Your browser is out-of-date!

Update your browser to view this website correctly. Update my browser now


Euro Broadcasters Explore the Potential in Collaboration

Industry gathering discussed digital and hybrid radio, dashboard displays and “Total Audio”

The author is communications manager for WorldDAB.

“The audio landscape is more creative, diverse and alive than ever,” said Bayerischer Rundfunk’s Katja Wildermuth in the opening session of Radiodays Europe 2024, held recently in Munich, Germany. 

The event reflected this diversity in its theme of “Shaping the Changing Audio Landscape,” with sessions covering radio, audio, podcasts — and more 1,500 delegates attending from more than 50 countries.

Stefan Möller, president of AER, the Association of European Radios, reflected radio’s place at the heart of this ecosystem. 

“Radio is the drummer in the band called Total Audio,” he said. “It keeps the rhythm, everyone relies on it, everybody needs it.” 

This was echoed in a session by Cilla Benko of Swedish Radio, who reminded broadcasters that they have “a crown jewel in linear radio” as part of a session exploring new strategies for the medium. She said the broadcaster was “catering for an audience that don’t want to miss out — linear radio is very much about the live experience.”

Speakers across multiple sessions highlighted radio’s enduring role as a trusted storyteller. The importance of maintaining this for the next generation was emphasized. Alexandra Daskalopoulos, CEO of Greece’s Frontstage Entertainment said: “Radio is reachable for younger audience, but we have to teach them about it.” 

With increasing competition for in-car listening, maintaining radio’s prominence in the dashboard, and the importance of hybrid radio which combines DAB+ and IP, also featured heavily at the event.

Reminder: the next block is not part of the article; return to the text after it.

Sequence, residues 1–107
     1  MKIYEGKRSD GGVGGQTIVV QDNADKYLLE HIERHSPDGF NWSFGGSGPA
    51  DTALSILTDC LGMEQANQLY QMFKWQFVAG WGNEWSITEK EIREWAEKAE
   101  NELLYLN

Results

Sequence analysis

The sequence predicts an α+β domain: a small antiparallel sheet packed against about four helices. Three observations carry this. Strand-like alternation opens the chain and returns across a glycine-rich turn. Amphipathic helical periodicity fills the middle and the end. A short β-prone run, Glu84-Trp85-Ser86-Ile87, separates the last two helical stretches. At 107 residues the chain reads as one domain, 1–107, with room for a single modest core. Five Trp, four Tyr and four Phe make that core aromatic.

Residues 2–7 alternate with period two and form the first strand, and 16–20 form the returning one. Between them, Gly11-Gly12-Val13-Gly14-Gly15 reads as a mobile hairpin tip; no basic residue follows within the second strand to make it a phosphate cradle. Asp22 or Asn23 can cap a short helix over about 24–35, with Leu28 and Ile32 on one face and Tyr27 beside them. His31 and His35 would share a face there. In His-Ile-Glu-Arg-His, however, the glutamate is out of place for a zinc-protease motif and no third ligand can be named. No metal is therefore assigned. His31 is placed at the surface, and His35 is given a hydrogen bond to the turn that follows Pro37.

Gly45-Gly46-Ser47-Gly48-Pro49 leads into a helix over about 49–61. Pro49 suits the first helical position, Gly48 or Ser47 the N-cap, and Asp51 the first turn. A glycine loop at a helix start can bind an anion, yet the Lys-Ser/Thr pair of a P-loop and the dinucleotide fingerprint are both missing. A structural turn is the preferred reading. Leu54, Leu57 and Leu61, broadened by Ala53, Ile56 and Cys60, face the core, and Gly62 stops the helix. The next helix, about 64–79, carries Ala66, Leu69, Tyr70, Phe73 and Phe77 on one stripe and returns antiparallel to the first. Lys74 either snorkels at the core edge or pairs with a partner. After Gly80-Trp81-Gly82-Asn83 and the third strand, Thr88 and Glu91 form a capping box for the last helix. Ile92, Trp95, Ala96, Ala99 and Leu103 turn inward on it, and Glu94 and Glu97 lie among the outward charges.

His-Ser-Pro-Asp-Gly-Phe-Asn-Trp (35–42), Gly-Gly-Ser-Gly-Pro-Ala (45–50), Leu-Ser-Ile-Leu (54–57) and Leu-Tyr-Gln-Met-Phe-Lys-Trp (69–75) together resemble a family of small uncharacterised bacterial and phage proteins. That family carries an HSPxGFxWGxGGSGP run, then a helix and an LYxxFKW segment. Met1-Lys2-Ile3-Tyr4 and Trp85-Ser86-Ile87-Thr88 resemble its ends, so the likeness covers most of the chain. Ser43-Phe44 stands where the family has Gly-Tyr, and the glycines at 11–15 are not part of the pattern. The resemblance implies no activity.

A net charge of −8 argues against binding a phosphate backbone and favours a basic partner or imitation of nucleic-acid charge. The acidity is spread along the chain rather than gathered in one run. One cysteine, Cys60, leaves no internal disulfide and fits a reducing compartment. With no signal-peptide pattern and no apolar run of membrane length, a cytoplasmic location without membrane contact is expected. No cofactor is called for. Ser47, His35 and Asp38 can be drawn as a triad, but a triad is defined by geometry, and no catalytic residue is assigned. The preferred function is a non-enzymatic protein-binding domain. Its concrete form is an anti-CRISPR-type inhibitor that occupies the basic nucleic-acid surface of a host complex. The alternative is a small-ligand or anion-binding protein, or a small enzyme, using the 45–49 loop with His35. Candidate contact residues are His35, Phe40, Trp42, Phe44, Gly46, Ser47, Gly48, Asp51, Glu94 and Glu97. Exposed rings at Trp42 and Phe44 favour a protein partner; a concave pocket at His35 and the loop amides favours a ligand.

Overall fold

In the session “Radio.Content.Car” Jacqueline Bierhorst, president of WorldDAB, the global industry forum for DAB digital radio, called for collaboration between public and private broadcasters, and between the radio industry and the automotive sector. 

She highlighted the critical importance of broadcasters providing metadata to ensure the best possible dashboard experience, such as display of station logos and artist information. “We’re on the barricades to keep radio prominent in the car,” she said. “If we don’t look good, they will take somebody else who does.” Laurence Harrison from Radioplayer backed this up, saying: “For carmakers to make radio prominent, they have to be confident it will be a great user experience.” 

Xperi’s Joe D’Angelo had practical advice for station managers: “Put the same care and attention into your metadata as you do for your audio programming. You’ll reap the benefits if you instill that discipline.”

Bierhorst also noted WorldDAB’s “Dashboard Dialogue” project with Edison Research, which found that radio remains an essential part of the in-car experience and is the most listened-to audio platform in the car. “We create beautiful content ourselves, and we need to control our own distribution,” she concluded.

Thomas Granryd from Swedish Radio and Gwendolin Niehues of the German public broadcaster ARD launched the “EBU Connected Car Playbook,” describing it as a proposition for a joint road map, to identify a direction for the whole industry. 

Thomas Granryd of Swedish Radio is seen on a screen at a session discussing the EBU Connected Car Playbook initiative.

Granryd stressed this was not just radio asking the automotive sector to include radio. “This is a true collaboration. We need to bring stuff to the table as well,” he said, and called for groups and initiatives to be formed to start handling the challenges.

Elsewhere at the event, Radioplayer — which now serves approximately 10,000 stations in 22 countries — announced several new partnerships. This included securing distribution with Google Assistant, a key player closely tied to the connected user experience. Radioplayer said this would grant broadcasters “increased command over distribution channels and pioneering business models via voice-enabled services.”

Meanwhile, Xperi announced that from June, Xperi’s All In Media (AIM) and Nation Broadcasting will begin offering a free to access radio and audio app in the United Kingdom. Titled “Nation Player,” the new aggregator app, which is powered by AIM Player technology, is open to radio operators and major podcast producers who want to reach a UK audience in the home, on mobile and in the car.

[For News on This and Other Shows See Our Show News Page]